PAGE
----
UK PM urges Russia’s Putin to include Ukraine in talks on de-escalation
Ukraine should be included in talks on de-escalating the current Russian military buildup on Ukrainian borders, British Prime Minister Boris Johnson has told Russian President Vladimir Putin during a phone call.
The UK government reported that the two leaders spoke by phone on the afternoon of Feb. 2.
“The leaders agreed that aggravation was in no one’s interest,” reads a UK government press release issued after the call.
“The prime minister stressed the importance of dialogue and diplomacy, and the need to include Ukraine in talks,” the press release reads.
The release said Johnson also underscored that, under NATO’s open door policy, all European democracies have a right to aspire to NATO membership, and this right fully applies to Ukraine. He reiterated that NATO is a defensive alliance, and not one, contrary to claims made by Russian officials, focused on destroying Russia.
Johnson expressed his deep concern about Russia’s current hostile activity on the Ukrainian border, stressing that any further Russian incursion into Ukrainian territory would be a tragic miscalculation.
The Kremlin in turn reported that “the leaders held a detailed exchange of views on the internal crisis in Ukraine and developments related to providing long-term, legally binding security guarantees to the Russian Federation.”
Earlier, Permanent Representative of Ukraine to the UN Sergiy Kyslytsya said at a meeting of the UN Security Council that Ukrainian President Volodymyr Zelensky had repeatedly spoken about readiness for negotiations with his Russian counterpart.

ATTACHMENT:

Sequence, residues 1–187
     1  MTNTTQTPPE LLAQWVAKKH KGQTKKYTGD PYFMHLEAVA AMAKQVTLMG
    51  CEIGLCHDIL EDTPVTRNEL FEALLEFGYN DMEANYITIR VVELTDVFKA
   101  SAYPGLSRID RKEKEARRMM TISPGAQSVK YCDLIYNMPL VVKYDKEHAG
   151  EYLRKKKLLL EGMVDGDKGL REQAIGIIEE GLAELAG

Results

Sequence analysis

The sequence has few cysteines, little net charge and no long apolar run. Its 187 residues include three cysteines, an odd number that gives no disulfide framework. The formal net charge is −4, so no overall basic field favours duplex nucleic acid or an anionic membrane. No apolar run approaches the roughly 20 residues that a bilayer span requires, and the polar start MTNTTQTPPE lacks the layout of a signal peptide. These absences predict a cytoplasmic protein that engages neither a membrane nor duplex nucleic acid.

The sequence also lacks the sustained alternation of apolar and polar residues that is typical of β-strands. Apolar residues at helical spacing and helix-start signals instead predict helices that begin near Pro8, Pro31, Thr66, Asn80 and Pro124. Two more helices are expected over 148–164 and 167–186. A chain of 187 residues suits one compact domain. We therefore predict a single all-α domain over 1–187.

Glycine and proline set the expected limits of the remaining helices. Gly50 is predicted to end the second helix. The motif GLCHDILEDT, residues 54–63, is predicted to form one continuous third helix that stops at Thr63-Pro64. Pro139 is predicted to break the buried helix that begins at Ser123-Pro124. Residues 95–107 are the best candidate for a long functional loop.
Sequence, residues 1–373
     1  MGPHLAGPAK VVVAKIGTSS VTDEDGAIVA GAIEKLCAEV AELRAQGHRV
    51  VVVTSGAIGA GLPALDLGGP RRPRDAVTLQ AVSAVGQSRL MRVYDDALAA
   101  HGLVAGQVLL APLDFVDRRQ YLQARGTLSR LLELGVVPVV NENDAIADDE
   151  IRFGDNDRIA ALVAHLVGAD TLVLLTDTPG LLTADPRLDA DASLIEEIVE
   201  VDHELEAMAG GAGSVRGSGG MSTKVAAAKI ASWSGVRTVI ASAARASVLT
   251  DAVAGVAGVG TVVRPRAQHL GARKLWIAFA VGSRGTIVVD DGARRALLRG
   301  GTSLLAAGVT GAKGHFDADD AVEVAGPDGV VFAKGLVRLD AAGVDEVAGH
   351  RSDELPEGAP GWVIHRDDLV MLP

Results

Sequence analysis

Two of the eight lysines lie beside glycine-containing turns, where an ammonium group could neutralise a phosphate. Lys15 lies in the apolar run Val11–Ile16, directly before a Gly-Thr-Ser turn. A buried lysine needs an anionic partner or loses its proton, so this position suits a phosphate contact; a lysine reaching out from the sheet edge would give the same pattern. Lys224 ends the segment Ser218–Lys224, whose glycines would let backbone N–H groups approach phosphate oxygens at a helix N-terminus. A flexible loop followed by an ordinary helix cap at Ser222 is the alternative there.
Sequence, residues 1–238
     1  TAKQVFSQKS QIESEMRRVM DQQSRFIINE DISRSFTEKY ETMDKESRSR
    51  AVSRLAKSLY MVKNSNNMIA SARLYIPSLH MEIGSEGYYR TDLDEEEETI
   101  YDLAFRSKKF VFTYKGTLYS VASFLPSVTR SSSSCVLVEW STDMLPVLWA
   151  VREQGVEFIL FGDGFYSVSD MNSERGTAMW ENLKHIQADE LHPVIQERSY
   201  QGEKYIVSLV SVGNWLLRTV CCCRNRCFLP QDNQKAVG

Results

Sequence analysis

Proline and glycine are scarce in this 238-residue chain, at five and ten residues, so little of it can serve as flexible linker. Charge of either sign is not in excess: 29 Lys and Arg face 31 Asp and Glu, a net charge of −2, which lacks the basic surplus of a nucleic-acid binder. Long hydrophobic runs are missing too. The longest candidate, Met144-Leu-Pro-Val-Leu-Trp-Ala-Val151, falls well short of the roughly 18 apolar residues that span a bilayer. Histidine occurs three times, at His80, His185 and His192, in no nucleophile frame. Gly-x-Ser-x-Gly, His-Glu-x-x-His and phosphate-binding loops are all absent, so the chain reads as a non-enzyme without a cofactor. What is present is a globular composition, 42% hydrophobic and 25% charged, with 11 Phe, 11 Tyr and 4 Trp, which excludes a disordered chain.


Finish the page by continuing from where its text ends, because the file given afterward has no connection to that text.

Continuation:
“If Russia has any questions for Ukraine, it is better to meet and talk, rather than pull in troops to the border and intimidate Ukraine.
”During the UN Security Council session on the matter, the Russian delegation abruptly left the meeting chambers just as Kyslytsya began to speak.
Johnson arrived in the Ukrainian capital of Kyiv on Feb. 1 for a state visit with the Ukrainian president.
Johnson was initially expected to announce a new trilateral alliance of Ukraine, Poland and the UK, but these plans were postponed as UK Foreign Secretary Liz Truss, who was also initially expected to attend, tested positive for COVID-19 and remained in the UK.
In a joint statement following the talks, Johnson and Zelensky reaffirmed their desire to deepen the strategic partnership between Ukraine and the UK.
They also warned that any further Russian incursion in Ukraine would be a massive strategic mistake and would have a stark humanitarian cost.
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